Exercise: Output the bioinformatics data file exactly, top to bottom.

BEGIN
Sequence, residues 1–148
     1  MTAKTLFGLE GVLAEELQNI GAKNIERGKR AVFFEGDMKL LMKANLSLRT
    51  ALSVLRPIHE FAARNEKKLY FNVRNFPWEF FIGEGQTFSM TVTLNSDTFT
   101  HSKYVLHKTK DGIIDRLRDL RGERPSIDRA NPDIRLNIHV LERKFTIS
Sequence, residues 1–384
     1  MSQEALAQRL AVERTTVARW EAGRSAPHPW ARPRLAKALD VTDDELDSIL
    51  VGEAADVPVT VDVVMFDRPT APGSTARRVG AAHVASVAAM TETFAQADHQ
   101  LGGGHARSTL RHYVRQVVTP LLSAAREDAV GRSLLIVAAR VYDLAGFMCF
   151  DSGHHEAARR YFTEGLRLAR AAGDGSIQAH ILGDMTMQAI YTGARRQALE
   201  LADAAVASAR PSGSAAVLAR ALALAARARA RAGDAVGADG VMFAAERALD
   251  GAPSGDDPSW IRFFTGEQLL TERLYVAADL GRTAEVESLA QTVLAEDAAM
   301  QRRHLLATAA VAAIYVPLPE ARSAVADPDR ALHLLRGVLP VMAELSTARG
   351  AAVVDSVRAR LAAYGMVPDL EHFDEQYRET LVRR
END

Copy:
Sequence, residues 1–148
     1  MTAKTLFGLE GVLAEELQNI GAKNIERGKR AVFFEGDMKL LMKANLSLRT
    51  ALSVLRPIHE FAARNEKKLY FNVRNFPWEF FIGEGQTFSM TVTLNSDTFT
   101  HSKYVLHKTK DGIIDRLRDL RGERPSIDRA NPDIRLNIHV LERKFTIS
Sequence, residues 1–384
     1  MSQEALAQRL AVERTTVARW EAGRSAPHPW ARPRLAKALD VTDDELDSIL
    51  VGEAADVPVT VDVVMFDRPT APGSTARRVG AAHVASVAAM TETFAQADHQ
   101  LGGGHARSTL RHYVRQVVTP LLSAAREDAV GRSLLIVAAR VYDLAGFMCF
   151  DSGHHEAARR YFTEGLRLAR AAGDGSIQAH ILGDMTMQAI YTGARRQALE
   201  LADAAVASAR PSGSAAVLAR ALALAARARA RAGDAVGADG VMFAAERALD
   251  GAPSGDDPSW IRFFTGEQLL TERLYVAADL GRTAEVESLA QTVLAEDAAM
   301  QRRHLLATAA VAAIYVPLPE ARSAVADPDR ALHLLRGVLP VMAELSTARG
   351  AAVVDSVRAR LAAYGMVPDL EHFDEQYRET LVRR